Engine Parts Of Wwii Karyu Jet Fighter Found In Tokyo University


Engine parts of WWII Karyu jet fighter found in Tokyo university

Engine parts for a secret Imperial Japanese Army jet aircraft under development in the closing days of World War II have been found at a Tokyo university by a student and a high school teacher.

The parts were discovered collecting dust on the campus of International Christian University (ICU) in Mitaka, western Tokyo, by Hideaki Furukawa in June 2015, who is now a 21-year-old fourth-year liberal art student of the university.

The research lab of the Nakajima Aircraft Co., predecessor of Subaru Corp., which was developing the jet fighter Karyu at the end of the war, formerly stood on the site of ICU. Japan surrendered in August 1945 before the company finished making the first prototype.

The parts are not only historically significant, but also could be an important resource to gauge the technological level of Japan at the time and the progress of its aeronautic development, according to experts.

Furukawa first found out about the old aircraft parts when he interviewed the president of a company that manages the campus for a classroom assignment. The president told him that the former president of the company found parts of the Fugaku on the campus grounds. The Fugaku was a heavy bomber whose development was also abandoned unfinished, and was a brainchild of Chikuhei Nakajima, the founder of Nakajima Aircraft.

The former company president kept the parts at his home for decades, before the current president placed them in storage on the ICU campus.

Nakajima was an Imperial Japanese Navy veteran turned entrepreneur, and after founding the aircraft company, he became a politician. He lived in his residence that was on the premises of the university from the closing days of the war until his death in 1949.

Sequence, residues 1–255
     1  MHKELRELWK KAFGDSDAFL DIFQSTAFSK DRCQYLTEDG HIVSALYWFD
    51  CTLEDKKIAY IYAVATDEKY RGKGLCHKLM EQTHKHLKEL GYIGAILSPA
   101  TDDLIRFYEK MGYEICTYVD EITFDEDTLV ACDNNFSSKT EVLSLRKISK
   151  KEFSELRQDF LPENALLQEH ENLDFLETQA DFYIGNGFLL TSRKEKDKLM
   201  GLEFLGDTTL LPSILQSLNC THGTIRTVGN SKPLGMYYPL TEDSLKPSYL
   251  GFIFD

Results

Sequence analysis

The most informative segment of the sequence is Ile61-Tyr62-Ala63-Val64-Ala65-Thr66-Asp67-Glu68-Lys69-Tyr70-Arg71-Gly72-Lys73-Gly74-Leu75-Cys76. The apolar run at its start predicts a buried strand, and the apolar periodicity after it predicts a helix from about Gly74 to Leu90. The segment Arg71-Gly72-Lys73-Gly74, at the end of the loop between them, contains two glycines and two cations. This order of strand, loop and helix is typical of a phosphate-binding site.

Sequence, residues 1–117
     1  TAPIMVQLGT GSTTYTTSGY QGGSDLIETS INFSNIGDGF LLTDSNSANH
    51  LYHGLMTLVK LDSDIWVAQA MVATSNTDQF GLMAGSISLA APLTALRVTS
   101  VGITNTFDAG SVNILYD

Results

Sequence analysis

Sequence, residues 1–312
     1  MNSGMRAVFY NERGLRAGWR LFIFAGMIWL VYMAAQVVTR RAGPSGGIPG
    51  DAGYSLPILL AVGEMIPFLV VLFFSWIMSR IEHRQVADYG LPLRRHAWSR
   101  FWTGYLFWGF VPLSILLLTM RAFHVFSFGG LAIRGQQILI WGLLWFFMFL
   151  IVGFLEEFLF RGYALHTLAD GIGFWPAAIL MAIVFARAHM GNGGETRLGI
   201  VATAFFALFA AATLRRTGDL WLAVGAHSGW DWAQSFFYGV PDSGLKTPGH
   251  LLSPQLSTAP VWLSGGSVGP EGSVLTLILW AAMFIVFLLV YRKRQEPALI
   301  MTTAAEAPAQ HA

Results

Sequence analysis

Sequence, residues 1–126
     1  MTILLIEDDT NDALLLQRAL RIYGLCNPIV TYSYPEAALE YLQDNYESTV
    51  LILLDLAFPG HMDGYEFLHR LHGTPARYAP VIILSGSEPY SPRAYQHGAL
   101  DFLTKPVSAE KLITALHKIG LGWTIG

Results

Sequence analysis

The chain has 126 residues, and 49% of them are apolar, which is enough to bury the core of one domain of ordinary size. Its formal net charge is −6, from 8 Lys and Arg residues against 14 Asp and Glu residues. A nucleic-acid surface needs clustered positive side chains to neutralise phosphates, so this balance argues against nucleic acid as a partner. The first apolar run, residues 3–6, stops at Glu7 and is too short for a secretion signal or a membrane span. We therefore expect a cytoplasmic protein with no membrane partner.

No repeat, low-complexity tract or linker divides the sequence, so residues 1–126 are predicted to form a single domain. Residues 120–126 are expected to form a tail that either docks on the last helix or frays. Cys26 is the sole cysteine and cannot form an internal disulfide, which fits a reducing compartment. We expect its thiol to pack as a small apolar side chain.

The university was founded in 1953 on the premises where the company’s Mitaka research lab once was located. The old research rebuilding is now used as the University Hall building.

Even today, Subaru’s Tokyo Regional Office stands by the campus.

After hearing the story, Furukawa contacted Masahisa Takayanagi, 51, a Japanese history teacher at ICU High School, who once taught the student. The teacher and his former student located two exhaust nozzles and one nozzle covering in storage.

The nozzles are made of stainless steel, and the outer diameter of the wider opening is about 75 centimeters wide, measures 73 cm in length, and weighs around 71 kilograms.

Seeing their shape, Takayanagi quickly surmised that they did not belong to the Fugaku. He contacted experts who replied only that "they are possibly parts of jet engines," and nothing more.

Then, Takayanagi deduced that they "could be parts of the jet engine Ne-230 for the Karyu, which is known to have been developed in the Mitaka research lab."

He found design plans for the Ne-130 and Ne-330, other jet engine test models that were produced during a similar time frame as the Ne-230, among documentation in the collection of the Defense Ministry.

As the designs were remarkably similar to the engine parts found in the ICU, Takayanagi asked the Japan Aeronautic Association to investigate further.

Association members examined the parts in detail along with the Tokyo National Institute for Cultural Properties, and the two bodies concluded the parts are "highly likely of the Ne-230" in an interim report in October.

According to Takayanagi, Japan obtained specifications on jet engines from its ally Germany. Based on these, Nakajima Aircraft developed the Ne-230 model in collaboration with Hitachi Ltd., and some parts of the model were produced in the Mitaka lab.

The prototype of the Karyu, which was to have a maximum speed of 852 kph and a flying range of 980 kilometers, was scheduled to be finished in December 1945.

Many engineers who worked on the Ne-230 later made contributions as engineers for major Japanese automakers.

"(The discovery) is a graphic reference to one aspect of wartime Japanese society that teaches us where we are at in the course of history," Takayanagi said.